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Targeting RAS–ERK signalling in cancer: promises and challenges

Key Points

  • ERK signalling is frequently dysregulated in human tumours, usually owing to mutations in RAS or BRAF. Therefore, components of the ERK signalling cascade are attractive targets for drug development.

  • Efforts to directly target mutated RAS have been historically unsuccessful; however, recent reports suggest that the development of RAS inhibitors may be feasible.

  • RAF inhibitors showed improved clinical benefit in the treatment of BRAF mutant (V600E) melanoma, but resistance to treatment frequently develops as a result of increased RAF dimerization and reactivation of ERK signalling.

  • MEK inhibitors have been extensively tested as potential therapeutics for various tumours but with modest results. The efficacy of MEK inhibitors may be limited by recovery of ERK signalling owing to the release of negative feedback and a narrow therapeutic index.

  • The development of ERK inhibitors with promising preclinical antitumour activity has recently been reported. These inhibitors may be effective therapeutics as single agents, or in combinations with RAF and MEK inhibitors.

  • Sustained inhibition of ERK signalling in the tumour may be required for effective treatment of RAS/RAF mutant cancers. This may be achieved by combination strategies that target multiple ERK signalling nodes using drugs with improved biochemical properties.

Abstract

The RAS–RAF–MEK–ERK signalling pathway is hyperactivated in a high percentage of tumours, most frequently owing to activating mutations of the KRAS, NRAS and BRAF genes. Recently, the use of compounds targeting components of ERK signalling, such as RAF or MEK inhibitors, has led to substantial improvement in clinical outcome in metastatic melanoma and has shown promising clinical activity in additional tumour types. However, response rates are highly variable and the efficacy of these drugs is primarily limited by the development of resistance. Both intrinsic and acquired resistance to RAF and MEK inhibitors are frequently associated with the persistence of ERK signalling in the presence of the drug, implying the need for more innovative approaches to target the pathway.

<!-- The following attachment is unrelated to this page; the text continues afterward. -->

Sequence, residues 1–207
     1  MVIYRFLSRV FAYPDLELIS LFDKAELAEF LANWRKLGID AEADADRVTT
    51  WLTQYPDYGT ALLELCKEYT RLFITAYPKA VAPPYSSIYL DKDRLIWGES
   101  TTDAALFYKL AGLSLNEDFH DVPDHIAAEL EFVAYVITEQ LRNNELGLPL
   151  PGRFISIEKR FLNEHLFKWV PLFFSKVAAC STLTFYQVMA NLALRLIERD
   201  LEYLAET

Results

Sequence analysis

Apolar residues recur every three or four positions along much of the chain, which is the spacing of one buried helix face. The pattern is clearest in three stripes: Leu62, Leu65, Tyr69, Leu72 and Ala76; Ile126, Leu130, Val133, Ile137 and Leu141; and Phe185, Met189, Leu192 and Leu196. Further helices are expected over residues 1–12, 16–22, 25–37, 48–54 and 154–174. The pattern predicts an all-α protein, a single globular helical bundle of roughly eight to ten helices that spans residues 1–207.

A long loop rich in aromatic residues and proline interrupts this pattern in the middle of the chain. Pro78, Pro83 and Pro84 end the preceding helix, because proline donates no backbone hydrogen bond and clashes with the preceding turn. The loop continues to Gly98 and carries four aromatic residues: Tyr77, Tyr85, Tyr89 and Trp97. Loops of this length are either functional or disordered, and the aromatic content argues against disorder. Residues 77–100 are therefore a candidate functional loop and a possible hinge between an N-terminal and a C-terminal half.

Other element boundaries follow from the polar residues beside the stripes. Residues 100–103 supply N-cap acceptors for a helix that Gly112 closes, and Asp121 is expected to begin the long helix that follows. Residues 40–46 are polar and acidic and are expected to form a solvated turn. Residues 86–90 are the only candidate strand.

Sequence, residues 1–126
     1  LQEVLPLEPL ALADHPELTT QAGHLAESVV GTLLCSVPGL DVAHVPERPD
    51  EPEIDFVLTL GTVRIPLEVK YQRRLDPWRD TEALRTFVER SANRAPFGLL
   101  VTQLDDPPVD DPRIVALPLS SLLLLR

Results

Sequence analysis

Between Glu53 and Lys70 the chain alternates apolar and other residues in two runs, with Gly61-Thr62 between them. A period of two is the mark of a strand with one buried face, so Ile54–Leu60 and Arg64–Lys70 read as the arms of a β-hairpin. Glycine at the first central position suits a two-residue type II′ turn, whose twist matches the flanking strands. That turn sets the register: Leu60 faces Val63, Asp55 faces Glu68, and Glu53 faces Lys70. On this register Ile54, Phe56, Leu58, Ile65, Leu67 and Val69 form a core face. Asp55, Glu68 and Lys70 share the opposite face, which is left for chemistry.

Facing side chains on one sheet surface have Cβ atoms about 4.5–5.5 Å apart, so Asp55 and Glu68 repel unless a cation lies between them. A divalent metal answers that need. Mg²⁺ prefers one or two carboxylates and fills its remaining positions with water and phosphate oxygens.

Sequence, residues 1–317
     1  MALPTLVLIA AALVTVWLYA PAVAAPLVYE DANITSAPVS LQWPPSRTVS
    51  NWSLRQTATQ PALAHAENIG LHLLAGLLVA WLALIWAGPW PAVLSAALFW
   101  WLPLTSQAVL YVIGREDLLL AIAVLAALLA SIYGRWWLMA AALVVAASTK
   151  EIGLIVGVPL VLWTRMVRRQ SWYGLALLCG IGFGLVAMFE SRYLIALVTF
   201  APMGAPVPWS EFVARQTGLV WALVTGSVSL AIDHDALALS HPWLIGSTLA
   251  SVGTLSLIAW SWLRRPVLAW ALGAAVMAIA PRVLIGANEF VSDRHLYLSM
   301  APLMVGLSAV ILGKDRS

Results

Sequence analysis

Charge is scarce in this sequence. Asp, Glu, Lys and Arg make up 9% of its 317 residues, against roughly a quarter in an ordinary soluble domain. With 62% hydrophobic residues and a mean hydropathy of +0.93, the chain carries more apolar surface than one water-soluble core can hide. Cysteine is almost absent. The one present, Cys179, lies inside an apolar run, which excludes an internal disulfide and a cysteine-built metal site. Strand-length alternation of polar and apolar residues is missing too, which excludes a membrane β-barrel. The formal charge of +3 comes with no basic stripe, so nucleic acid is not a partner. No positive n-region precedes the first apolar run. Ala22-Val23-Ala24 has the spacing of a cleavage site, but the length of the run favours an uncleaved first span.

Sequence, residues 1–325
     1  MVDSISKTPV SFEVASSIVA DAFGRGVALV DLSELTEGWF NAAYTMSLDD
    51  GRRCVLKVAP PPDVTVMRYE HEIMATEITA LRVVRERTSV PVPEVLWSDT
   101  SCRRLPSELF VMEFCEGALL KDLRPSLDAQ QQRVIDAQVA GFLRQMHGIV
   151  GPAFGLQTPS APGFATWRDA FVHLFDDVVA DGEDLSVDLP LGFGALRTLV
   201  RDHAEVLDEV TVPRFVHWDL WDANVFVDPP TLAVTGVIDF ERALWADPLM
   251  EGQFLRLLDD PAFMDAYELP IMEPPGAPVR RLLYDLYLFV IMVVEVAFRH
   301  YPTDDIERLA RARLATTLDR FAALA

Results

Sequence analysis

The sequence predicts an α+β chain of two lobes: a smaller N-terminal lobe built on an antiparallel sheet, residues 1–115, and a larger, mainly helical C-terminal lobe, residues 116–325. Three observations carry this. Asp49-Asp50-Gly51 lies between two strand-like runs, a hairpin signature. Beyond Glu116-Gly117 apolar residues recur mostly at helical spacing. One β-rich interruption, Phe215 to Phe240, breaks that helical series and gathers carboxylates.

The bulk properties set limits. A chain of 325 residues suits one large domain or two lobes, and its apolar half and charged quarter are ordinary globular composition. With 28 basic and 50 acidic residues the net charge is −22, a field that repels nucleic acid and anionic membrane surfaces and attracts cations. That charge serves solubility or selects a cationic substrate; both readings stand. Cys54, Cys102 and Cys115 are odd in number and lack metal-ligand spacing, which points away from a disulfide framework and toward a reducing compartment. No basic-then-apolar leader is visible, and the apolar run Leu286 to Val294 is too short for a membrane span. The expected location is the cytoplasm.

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Figure 1: Current targeting strategies of the RAS–ERK signalling pathway.
Figure 2: RAF dimerization is a critical determinant of response to RAF inhibitors.
Figure 3: Modes of target inhibition by MEK and ERK inhibitors.
Figure 4: Major mechanisms of adaptive response or acquired resistance to RAF and MEK inhibitors.

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Acknowledgements

P.I.P. received support by the Harry J. Lloyd Charitable Trust, a Tisch Cancer Institute Developmental Award, a CY14 Developmental Research Pilot Project Program, a TCI Young Cancer Research Award and a Career Development Award by the Dermatology Foundation. The authors thank S. Chandarlapaty (Memorial Sloan-Kettering Cancer Center) for critical reading of the manuscript.

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Samatar, A., Poulikakos, P. Targeting RAS–ERK signalling in cancer: promises and challenges. Nat Rev Drug Discov 13, 928–942 (2014). https://doi.org/10.1038/nrd4281

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